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Windows Tip of the Week: Remote Server Development

Visual Studio 2017 offers a really cool feature set of cross platform development. You can build systems to run on Linux while using Visual Studio.


When setting up Visual Studio, be sure to select "Linux Development with C++".

Surprisingly, it doesn't take up a lot of space. After the package is installed, restart Visual Studio.

Start a new project and head over to Visual C++ > Cross Platform > Linux

Select any of the options, I chose Console Application for this exercise.

You're going to get taken to a basic setup printing a message to the console. You can leave that, or add your own code:

#include <iostream>

using namespace std;

struct myData
	string firstName;
	string lastName;
	string telephoneNumber;
	short age;

int main()
	myData chris;

	chris.firstName = "Chris";
	cout << chris.firstName << endl;
	return 0;

This is a pretty basic application that doesn't do anything. However, it does prove a point to an awesome feature. Type whatever you want (as long as it works) and build your project. You'll be prompted for a hostname, username, port, and password. A Linux server is required (batteries not included). If you don't have the real estate to fire one up, maybe check out the Docker side of things with Visual Studio.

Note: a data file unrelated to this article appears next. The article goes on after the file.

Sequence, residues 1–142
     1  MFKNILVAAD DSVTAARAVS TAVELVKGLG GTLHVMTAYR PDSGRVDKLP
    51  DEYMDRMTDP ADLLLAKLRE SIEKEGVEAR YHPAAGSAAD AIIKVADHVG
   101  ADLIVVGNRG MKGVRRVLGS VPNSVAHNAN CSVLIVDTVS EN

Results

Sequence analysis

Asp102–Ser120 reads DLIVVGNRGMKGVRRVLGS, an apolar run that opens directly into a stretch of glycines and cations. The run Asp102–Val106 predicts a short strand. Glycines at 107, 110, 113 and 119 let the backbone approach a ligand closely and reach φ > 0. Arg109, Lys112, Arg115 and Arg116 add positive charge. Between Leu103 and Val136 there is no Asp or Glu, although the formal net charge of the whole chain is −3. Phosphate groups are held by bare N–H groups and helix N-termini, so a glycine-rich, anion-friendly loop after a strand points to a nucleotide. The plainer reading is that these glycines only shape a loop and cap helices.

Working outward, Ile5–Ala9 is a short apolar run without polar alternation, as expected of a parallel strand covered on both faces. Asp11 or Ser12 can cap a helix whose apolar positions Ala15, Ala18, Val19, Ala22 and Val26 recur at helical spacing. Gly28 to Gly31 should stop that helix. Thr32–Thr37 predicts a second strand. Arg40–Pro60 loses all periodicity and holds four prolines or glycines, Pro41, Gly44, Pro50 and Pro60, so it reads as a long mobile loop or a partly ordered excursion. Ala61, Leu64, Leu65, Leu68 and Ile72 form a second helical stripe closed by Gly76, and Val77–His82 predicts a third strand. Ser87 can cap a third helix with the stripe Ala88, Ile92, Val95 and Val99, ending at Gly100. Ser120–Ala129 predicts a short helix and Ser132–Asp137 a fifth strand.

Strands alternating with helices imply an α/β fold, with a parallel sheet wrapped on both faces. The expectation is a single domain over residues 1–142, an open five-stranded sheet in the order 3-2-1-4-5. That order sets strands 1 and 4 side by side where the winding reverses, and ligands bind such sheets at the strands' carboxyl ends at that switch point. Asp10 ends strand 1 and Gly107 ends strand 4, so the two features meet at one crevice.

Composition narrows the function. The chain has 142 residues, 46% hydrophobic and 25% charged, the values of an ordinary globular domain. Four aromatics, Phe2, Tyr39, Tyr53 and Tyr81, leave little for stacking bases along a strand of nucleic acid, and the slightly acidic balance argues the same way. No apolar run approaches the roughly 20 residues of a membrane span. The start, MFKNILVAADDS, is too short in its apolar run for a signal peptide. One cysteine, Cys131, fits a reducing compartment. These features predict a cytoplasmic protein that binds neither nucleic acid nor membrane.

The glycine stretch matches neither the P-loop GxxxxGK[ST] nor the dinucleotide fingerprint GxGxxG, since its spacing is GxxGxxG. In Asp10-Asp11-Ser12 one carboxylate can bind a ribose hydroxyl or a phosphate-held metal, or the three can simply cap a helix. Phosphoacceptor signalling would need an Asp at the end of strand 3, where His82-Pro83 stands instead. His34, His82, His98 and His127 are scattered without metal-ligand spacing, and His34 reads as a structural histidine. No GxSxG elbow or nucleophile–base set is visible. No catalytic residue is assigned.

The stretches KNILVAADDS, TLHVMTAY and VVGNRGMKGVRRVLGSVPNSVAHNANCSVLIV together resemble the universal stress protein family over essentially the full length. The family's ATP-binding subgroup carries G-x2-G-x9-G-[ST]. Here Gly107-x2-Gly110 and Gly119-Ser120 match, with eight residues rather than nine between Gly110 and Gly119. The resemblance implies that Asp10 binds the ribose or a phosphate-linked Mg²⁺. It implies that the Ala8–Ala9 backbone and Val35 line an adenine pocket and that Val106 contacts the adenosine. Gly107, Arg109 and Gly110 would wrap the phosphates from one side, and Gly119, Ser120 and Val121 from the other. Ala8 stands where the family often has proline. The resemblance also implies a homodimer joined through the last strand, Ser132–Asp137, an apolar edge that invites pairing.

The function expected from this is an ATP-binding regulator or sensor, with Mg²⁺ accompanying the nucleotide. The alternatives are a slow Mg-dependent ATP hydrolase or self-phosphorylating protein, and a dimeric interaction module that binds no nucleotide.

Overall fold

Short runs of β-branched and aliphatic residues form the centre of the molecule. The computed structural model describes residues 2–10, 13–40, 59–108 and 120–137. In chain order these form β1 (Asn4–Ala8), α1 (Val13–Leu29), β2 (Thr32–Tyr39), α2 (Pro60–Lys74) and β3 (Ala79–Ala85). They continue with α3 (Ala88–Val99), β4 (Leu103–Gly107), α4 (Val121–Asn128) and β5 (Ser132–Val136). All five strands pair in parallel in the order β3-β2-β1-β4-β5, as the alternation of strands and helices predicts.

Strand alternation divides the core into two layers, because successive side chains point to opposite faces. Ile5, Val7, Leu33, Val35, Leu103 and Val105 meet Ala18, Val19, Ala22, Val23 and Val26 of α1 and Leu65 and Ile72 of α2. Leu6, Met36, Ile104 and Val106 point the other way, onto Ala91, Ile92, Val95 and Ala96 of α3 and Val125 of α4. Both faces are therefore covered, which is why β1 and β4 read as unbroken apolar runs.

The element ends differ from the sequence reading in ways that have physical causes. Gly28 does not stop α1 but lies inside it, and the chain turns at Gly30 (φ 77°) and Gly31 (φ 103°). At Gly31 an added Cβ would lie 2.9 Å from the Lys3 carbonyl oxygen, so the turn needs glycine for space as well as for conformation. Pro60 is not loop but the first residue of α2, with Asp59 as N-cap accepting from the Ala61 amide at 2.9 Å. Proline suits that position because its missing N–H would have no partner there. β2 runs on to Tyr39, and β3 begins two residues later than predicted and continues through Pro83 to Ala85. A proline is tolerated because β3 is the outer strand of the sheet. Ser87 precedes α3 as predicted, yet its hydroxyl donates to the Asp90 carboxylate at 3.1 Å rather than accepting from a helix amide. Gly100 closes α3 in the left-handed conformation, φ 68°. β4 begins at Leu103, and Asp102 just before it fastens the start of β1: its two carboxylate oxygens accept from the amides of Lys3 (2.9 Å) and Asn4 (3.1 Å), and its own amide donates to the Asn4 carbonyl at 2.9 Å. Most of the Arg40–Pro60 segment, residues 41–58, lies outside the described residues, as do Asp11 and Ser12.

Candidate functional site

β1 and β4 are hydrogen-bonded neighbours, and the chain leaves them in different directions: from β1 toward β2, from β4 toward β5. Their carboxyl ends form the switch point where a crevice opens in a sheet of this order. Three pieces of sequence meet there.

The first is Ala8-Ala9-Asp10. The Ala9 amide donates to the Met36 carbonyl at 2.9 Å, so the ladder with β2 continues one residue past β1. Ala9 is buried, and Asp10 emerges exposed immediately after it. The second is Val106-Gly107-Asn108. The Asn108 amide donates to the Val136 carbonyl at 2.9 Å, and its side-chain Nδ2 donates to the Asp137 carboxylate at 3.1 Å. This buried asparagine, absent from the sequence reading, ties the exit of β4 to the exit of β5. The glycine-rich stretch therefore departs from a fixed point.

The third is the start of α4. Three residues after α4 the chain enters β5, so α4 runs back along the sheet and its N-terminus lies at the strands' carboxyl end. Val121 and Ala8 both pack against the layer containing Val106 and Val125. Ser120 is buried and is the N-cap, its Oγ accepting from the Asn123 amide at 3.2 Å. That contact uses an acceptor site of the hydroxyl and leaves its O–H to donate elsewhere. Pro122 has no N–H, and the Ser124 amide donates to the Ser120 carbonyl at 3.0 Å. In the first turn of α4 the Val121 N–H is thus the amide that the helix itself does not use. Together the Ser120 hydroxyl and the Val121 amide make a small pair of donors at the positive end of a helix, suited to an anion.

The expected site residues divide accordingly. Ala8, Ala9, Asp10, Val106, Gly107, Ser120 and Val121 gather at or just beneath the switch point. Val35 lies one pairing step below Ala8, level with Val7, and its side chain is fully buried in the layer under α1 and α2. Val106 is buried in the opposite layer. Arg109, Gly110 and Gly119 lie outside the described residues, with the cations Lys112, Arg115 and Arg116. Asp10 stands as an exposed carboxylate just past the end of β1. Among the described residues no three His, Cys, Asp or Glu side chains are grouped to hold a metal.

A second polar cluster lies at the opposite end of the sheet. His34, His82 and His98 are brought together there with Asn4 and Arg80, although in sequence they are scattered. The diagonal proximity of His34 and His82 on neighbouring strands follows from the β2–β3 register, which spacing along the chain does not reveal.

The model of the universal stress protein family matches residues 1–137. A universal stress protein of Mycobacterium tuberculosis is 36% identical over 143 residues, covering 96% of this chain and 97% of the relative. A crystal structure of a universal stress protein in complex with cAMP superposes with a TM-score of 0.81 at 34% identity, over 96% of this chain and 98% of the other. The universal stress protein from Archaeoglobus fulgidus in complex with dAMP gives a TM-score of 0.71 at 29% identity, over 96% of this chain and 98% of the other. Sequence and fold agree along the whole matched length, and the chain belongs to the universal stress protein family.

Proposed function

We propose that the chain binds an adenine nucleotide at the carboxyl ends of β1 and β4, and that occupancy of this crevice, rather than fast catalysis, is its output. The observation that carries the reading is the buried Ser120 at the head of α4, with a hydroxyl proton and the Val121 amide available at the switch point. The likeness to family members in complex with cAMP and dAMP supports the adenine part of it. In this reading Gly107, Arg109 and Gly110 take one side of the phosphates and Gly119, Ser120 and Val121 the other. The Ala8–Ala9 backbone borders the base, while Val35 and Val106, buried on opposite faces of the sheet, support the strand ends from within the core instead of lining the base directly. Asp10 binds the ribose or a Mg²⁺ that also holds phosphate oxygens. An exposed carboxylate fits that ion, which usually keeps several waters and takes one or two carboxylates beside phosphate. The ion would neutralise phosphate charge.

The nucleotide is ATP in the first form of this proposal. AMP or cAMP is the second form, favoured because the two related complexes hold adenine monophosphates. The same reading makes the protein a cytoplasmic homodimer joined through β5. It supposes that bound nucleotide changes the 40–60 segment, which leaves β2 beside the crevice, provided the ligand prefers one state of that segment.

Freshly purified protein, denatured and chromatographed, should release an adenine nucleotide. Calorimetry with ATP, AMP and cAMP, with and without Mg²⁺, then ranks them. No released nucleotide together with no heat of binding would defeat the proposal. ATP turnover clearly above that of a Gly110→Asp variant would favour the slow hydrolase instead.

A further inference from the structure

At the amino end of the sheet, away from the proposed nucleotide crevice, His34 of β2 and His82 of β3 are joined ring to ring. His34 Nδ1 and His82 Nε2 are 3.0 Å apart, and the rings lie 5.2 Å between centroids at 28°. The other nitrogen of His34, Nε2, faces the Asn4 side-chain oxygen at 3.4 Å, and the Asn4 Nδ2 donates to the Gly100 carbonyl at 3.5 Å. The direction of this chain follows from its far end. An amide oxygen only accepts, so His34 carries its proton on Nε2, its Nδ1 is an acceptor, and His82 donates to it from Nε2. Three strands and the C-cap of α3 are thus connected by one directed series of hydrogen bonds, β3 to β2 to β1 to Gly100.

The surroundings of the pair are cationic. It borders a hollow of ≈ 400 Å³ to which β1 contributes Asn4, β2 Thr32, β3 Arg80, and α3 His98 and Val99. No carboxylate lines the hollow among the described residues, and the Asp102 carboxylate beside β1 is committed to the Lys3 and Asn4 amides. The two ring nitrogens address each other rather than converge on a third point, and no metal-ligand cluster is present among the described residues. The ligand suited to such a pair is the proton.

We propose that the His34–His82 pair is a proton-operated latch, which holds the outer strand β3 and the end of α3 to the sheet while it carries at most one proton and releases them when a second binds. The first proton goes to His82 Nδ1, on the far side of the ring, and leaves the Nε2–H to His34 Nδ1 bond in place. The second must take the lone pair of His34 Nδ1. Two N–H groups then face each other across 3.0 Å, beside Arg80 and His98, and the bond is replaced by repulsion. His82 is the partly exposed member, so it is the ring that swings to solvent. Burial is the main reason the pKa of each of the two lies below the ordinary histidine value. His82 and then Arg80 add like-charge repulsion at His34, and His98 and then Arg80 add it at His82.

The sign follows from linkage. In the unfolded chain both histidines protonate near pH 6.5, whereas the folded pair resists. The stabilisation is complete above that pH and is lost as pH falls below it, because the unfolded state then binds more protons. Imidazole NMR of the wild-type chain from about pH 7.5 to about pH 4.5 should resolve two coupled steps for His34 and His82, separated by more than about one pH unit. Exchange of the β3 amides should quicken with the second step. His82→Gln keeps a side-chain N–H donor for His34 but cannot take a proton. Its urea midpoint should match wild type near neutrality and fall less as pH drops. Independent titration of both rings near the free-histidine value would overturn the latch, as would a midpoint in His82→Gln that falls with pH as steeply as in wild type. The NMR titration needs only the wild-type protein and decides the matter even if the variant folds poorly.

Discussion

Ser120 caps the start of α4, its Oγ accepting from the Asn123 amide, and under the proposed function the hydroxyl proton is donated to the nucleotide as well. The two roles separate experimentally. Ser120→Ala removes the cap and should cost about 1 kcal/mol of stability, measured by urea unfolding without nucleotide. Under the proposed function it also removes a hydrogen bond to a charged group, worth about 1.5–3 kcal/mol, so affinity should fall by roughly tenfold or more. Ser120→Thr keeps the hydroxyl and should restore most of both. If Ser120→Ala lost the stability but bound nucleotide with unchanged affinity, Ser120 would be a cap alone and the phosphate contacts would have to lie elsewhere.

After you confirm your Linux server information, the project builds remotely.

1>------ Build started: Project: Classes, Configuration: Debug x64 ------
1>Validating sources
1>Copying sources remotely to ''
1>Validating architecture
1>Starting remote build
1>Compiling sources:
1>Linking objects
1>Classes.vcxproj -> P:\Systems\Classes\Classes\bin\x64\Debug\Classes.out
========== Build: 1 succeeded, 0 failed, 0 up-to-date, 0 skipped ==========

Pretty cool, yeah?

Go ahead and run the program. You get an interesting debug menu on Visual Studio.

"Linux Console Window" is your output via the remote server. Pretty fancy stuff. I was impressed with the options to be honest. A lot of people are used to editing locally and running remotely, but being able to do it with everyone's (maybe?) favorite IDE is pretty handy. I know this feature has been around for a while, but I was in the mood for playing with some C++ and decided to try it out. Between this and Windows Subsystem for Linux, I must be a die hard Linux fan to keep going back!

Windows Tip of the Week: Remote Server Development
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